In 1989 and again in 2004, I was able to tour killing fields in Cambodia, on the other side of the planet. They remain as a silent testimony to Pol Pot’s murderous regime, which was exposed to the world when Vietnamese troops routed Pol Pot from power in 1978.

I remember talking in 1989 to a young woman, who told me if Pol Pot — who was still living at the time — were to return, “We all will become soldiers” who would fight him to the death.

There are many other examples of humanity’s capacity for unspeakable horror. They have occurred in places such as Uganda, in Armenia, the Balkans, China and, oh yes, in the United States of America — where Native Americans were routed from their own homeland by settlers who moved from east to west in the 18th and 19th centuries.

We mustn’t forget these lessons of history.

As Nobel laureate Elie Wiesel has said, “The opposite of love isn’t hate. It is indifference.”

From sh**hole to bullsh** letter

Donald John “Potty Mouth” Trump Sr. has sent a letter to African leaders proclaiming his immense respect for the nations of that continent.

He “deeply respects” the people of Africa. Do you believe him? Uhh, neither do I.

The president infamously wondered out loud about why the nation accepts immigrants from “sh**hole countries” in Africa, as well as from Haiti and El Salvador. It produced a serious firestorm. There have been denials from Trump himself, the White House, some Trump friends who were in the meeting. Oh, but others in the room have affirmed he said it.

Trump then writes a letter declaring his yuuuge respect for African nations.

Sure thing … like he respects our intelligence community even though he disputes its findings that Russia sought to influence the 2016 election outcome; or how he respects women despite admitting that he grabs them by their genitals; or how he respects the sacred vows of marriage even though he admits to wanting to have sex with a married woman — or how he has bragged about how he has cheated on at least one of his former wives.

Mr. President, save your chickensh** letters that seek to do nothing more than cover your own backside.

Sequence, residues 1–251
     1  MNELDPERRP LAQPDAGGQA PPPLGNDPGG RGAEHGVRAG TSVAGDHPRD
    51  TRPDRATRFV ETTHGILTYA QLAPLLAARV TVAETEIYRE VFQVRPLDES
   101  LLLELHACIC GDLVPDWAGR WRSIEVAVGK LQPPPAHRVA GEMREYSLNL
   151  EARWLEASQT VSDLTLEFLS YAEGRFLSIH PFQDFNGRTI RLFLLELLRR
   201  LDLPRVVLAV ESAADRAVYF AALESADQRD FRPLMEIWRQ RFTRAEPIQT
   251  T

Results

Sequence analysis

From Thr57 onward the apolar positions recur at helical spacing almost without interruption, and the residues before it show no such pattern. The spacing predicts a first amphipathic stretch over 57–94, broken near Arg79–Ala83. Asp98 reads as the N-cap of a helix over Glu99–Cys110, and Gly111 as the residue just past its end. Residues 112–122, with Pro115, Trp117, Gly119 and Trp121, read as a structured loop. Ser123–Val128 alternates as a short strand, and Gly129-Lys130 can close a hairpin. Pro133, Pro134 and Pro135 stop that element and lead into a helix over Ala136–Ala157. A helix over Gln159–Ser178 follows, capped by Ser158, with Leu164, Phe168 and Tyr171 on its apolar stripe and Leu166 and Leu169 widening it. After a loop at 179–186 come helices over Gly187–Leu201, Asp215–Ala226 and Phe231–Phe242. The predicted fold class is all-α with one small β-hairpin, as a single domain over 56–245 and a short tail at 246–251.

The man seemingly does not possess the capacity for sincerity, except when it involves self-aggrandizement.

‘Compromise’ isn’t a four-letter word

What do you know about this?

The president of the United States has tossed a compromise proposal on the table that has angered folks on the left and the right.

It involves a path to citizenship for so-called “Dreamers,” while also seeking $25 billion to fund increased border security, including construction of a wall along our southern border.

The lefties dislike the wall money; the righties dislike the citizenship idea.

I’ll accept this pitch as a legitimate starting point.

Donald Trump threw it out there as a way to seek a resolution to the nagging immigration problem that shut the federal government down for three days this past weekend.

Politico reports: The framework also eliminates the visa lottery and curbs U.S. migration by extended families, a fundamental change to existing immigration policy. New citizens would be able to sponsor their immediate families — spouses and children — to legally enter the country, but other relatives would be excluded. The administration would continue to allow people who have already applied for entry to be processed under the old system.

The key issue, as I see it, is the disposition of those illegal immigrants who were brought here as children. Barack Obama issued an executive order that set up the Deferred Action on Childhood Arrivals program. It granted a reprieve from the threat of deportation for those who came here because their parents brought them here illegally. DACA recipients know life only in the United States. They are U.S. residents and have become de facto Americans.